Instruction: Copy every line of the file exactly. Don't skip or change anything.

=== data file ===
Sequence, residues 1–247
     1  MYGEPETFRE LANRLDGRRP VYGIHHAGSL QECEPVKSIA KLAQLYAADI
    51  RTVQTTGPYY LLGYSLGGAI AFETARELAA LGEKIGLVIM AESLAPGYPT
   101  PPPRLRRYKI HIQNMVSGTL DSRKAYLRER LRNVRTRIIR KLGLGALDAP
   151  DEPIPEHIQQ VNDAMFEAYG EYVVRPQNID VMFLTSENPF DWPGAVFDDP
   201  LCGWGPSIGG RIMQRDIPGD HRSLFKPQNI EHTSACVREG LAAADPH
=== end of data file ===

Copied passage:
Sequence, residues 1–247
     1  MYGEPETFRE LANRLDGRRP VYGIHHAGSL QECEPVKSIA KLAQLYAADI
    51  RTVQTTGPYY LLGYSLGGAI AFETARELAA LGEKIGLVIM AESLAPGYPT
   101  PPPRLRRYKI HIQNMVSGTL DSRKAYLRER LRNVRTRIIR KLGLGALDAP
   151  DEPIPEHIQQ VNDAMFEAYG EYVVRPQNID VMFLTSENPF DWPGAVFDDP
   201  LCGWGPSIGG RIMQRDIPGD HRSLFKPQNI EHTSACVREG LAAADPH